How can the private sector adapt to climate change?

Private sector adaptation to climate change aims to minimize climate-induced risks in order to increase the resilience of businesses and to avoid potential future costs. Managing climate risks thus should be embedded into corporate risk management. By improving their adaptive capacity and by implementing adaptation measures, vulnerability to climate-induced risks and related negative effects on businesses can be reduced.


Companies will first focus on adaptation within their direct sphere of influence. This can include measures to improve company buildings and infrastructure, the production process, the situation of employees or the storage of supplies and produced goods. Collaboration on adaptation with external stakeholders, such as suppliers, buyers, governmental authorities or the financing community is more challenging.

Which adaptation measures a company chooses depends on the climate change impacts and risks it faces. These are dependent on the company’s location, sector, technology level, and adaptive capacity. Deciding factors include investment costs for measures, the type of risk covered, the comprehensiveness of the measure and whether there are (positive or negative) side effects to be expected – thus, ultimately, the costs and benefits of measures.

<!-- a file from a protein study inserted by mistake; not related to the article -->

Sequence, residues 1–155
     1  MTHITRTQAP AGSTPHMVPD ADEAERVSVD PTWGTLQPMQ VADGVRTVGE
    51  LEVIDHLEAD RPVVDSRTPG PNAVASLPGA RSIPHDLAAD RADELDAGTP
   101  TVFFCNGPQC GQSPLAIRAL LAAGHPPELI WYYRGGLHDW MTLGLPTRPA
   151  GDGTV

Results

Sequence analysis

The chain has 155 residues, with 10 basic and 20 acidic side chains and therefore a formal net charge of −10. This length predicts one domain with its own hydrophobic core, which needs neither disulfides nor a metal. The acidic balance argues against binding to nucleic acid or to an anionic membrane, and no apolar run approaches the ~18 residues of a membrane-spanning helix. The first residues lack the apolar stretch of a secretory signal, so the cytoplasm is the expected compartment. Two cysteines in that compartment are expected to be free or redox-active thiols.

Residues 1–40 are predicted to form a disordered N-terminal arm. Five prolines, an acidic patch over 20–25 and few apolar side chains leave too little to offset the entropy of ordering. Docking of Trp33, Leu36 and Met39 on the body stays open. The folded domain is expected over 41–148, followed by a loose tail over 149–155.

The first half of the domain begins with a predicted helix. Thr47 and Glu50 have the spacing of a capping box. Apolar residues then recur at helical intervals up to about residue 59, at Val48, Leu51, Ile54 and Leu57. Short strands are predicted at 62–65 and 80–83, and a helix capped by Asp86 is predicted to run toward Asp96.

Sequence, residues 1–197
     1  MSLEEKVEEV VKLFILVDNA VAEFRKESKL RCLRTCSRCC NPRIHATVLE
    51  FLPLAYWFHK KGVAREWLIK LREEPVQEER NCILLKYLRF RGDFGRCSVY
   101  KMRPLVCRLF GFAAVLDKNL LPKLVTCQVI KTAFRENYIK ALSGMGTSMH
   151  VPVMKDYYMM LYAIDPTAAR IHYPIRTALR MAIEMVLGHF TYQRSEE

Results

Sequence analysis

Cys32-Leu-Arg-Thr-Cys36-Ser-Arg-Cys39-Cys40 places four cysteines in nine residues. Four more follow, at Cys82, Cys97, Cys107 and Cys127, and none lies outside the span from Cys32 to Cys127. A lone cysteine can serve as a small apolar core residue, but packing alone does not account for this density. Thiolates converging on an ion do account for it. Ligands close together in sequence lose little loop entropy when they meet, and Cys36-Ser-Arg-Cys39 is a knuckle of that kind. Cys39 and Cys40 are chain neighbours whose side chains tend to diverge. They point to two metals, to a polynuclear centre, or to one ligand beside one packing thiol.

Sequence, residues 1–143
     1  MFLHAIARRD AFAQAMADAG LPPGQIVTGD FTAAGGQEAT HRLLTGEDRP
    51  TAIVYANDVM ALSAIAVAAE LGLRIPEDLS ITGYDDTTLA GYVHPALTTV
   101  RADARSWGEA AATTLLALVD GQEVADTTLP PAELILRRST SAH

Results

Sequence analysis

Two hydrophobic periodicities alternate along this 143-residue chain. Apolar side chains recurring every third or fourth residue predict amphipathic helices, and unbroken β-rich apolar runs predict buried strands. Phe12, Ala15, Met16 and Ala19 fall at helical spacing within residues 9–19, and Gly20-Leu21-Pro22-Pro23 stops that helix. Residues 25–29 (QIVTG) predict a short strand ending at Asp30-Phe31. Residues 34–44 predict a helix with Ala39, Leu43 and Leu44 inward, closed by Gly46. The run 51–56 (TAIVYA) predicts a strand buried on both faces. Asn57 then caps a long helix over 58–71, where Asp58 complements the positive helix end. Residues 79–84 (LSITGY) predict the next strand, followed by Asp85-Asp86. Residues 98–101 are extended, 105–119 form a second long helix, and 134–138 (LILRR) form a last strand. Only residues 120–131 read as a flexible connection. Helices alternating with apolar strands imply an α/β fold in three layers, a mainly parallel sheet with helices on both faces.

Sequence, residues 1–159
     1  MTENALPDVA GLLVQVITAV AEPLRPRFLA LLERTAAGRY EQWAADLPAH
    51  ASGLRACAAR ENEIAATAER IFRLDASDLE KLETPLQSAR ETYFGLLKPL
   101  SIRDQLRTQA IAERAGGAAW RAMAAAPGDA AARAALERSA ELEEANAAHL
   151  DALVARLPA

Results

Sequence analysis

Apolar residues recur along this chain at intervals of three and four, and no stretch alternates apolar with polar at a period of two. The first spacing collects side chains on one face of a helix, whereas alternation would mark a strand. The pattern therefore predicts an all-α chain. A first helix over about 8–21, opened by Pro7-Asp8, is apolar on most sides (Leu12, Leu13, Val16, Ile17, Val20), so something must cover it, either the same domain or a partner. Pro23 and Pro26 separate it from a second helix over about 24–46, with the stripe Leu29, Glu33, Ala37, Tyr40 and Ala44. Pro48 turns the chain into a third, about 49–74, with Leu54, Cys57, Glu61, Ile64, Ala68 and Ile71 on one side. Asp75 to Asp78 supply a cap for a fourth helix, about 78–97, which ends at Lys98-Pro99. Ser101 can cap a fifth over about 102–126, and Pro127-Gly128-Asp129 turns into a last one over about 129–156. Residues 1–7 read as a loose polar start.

See the Climate Expert Website for case studies from Bangladesh, Costa Rica, Morocco, Nicaragua and Rwanda

Examples for adaptation measures to minimize risks include:

  • Installation of power backup for uninterrupted power supply in the case of interruption due to storms
  • Usage of water saving technologies in order to cope with water shortages
  • Installation of weather proofed storage spaces for protecting valuables against extreme weather events
  • Provide housing for employees on the company premises to ensure that they can reach the company even during heavy rains or extreme heat
  • Diversify suppliers to reduce price hikes and transport interruptions during extreme weather
  • Assess whether and how to invest in solar panels for independent energy generation


How can the private sector be supported in adapting to climate change?